Seattle is a seaport city and the largest in the Pacific Northwest region. With a growth rate of 21% between 2010 and 2020, it makes it one of the nation's fastest-growing large cities. Native Americans inhabited the Seattle area for at least 4,000 years before the first permanent European settlers. Arthur A. Denny and his group of travelers, subsequently known as the Denny Party, arrived from Illinois via Portland, Oregon, on the schooner Exact at Alki Point on November 13, 1851. The settlement was moved to the eastern shore of Elliott Bay and named "Seattle" in 1852 in honor of Chief Si'ahl of the local Duwamish and Suquamish tribes. Today, Seattle's diverse population includes Native, Scandinavian, European American, Asian American, and African American people, as well as a thriving LGBT community that ranks sixth in the United States by population.
The "Emerald City" is defined by Puget Sound to the west and the various lakes the city is built around, including Lake Union, Lake Washington, and Greenlake. Water, green foliage, and mountains define almost every view. Its beauty and location serves as a backdrop for big businesses with Seattle roots like Boeing, Amazon, Microsoft, and Starbucks, and nourishes an art and music scene that has set trends around the globe. Seattle’s skyline is peppered with historic towers next to modern landmarks by Frank Gehry and Rem Koolhaas, all within walking distance of each other. Come and learn how the recent growth and influx of money has both helped and challenged the preservation industry in the Pacific Northwest. We look forward to seeing you in Seattle in October 2023!
2023 APT Annual Conference
October 9-14, 2023
Click here to view current schedule!
Sheraton Grand Seattle, Washington
1400 6th Ave, Seattle, WA 98101, United States
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Please click here to reserve your room at a discounted rate.
- Program Track 1: Technology in Historic Preservation
Technology (T.E.C.H.) in historic preservation, will showcase innovative use of new, emerging, or existing technologies in historic preservation. Technology serves several critical roles in historic preservation, providing ways to document properties, design adaptations, and/or remedy structural or other material issues, just to name a few. Before point cloud scanning, there was hand measuring and documenting with ink on mylar; before center coring and base isolation, there were shear walls and moment frames; before solar shingles, there were cedar shakes. All of these represent advancements in technology that affect historic building features or preservation practices.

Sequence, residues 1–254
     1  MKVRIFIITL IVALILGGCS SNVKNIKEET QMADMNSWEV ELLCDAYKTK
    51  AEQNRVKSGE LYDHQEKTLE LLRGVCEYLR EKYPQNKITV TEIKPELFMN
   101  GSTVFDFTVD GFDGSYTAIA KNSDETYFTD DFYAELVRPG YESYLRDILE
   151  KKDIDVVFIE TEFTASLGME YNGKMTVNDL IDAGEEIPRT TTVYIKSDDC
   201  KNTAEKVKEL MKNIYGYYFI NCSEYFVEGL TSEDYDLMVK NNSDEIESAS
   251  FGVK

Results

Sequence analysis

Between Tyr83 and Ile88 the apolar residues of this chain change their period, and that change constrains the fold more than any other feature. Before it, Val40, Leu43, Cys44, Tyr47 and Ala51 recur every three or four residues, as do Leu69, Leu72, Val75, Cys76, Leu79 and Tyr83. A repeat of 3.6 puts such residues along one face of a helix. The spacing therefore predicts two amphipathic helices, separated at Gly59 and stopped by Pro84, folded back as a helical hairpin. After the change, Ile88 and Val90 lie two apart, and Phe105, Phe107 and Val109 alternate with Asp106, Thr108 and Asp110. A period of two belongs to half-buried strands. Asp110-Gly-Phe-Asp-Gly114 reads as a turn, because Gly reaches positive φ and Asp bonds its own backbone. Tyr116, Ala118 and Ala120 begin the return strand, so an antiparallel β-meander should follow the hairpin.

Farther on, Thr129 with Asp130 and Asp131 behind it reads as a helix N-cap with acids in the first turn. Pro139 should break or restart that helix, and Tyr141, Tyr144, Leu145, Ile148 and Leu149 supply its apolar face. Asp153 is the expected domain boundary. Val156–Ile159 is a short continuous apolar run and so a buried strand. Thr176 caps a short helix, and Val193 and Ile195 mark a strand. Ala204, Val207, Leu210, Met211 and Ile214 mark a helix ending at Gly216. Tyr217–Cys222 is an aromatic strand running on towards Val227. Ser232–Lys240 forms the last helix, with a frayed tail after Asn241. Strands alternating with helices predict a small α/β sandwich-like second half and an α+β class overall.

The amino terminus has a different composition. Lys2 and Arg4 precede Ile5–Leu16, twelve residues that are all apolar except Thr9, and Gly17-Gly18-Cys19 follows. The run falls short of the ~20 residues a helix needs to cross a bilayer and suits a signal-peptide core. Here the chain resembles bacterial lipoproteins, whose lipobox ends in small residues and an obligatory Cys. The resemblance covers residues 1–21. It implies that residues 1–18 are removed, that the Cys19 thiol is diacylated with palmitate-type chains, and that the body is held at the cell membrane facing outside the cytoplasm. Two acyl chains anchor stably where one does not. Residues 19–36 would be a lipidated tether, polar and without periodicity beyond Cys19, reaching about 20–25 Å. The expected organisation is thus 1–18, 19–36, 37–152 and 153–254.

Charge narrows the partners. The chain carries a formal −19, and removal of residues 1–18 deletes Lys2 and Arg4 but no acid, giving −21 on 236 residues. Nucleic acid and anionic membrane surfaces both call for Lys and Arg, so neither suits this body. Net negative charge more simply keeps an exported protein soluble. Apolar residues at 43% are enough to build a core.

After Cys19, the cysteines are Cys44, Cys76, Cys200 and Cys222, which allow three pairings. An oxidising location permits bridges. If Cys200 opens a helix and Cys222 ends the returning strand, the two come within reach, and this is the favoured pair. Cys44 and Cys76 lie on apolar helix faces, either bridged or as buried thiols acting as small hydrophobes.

- Program Track 2: Environment (Resilience and Natural Disasters)
How do we enable historical places to adapt to the dynamic forces in our environment (T.E.C.H.)? Our preservation approaches are evolving in the face of environmental hazards. Stronger storms, rising sea levels, inland flooding, increased wildfire danger, landslides, and earthquakes highlight the importance of adopting proactive measures to ensure long-term protection. With a focus on the technical preservation of heritage, this track highlights resilience, including recovery from, and preventative measures related to, natural disasters and climate change. It is not intended to cover the natural hazards themselves, except where sufficient contextual information is needed to understand the preservation approach. Understanding both traditional and unconventional preservation solutions may proactively prepare for and respond to natural disasters as well as reduce the impact of carbon and climate change.
- Program Track 3: Cultural Heritage
Technical issues involved in saving our shared cultural heritage (T.E.C.H.) can both inspire and inform ways to conserve and curate our built environment for future generations. Cultural heritage is local and global, ancient and modern, visible and hidden, celebrated and threatened. Protecting cultural heritage takes many forms and presents challenges that are both unique to specific projects and universal. Throughout history, heritage has become endangered – through conflict, gentrification, and programs that typically do not represent our vibrant and mixed communities. How are our stories protected as a bookmark of the past while leaving space for tales not yet told? Presentations that address the issues of Justice, Diversity, Equity, and Inclusion are strongly encouraged.
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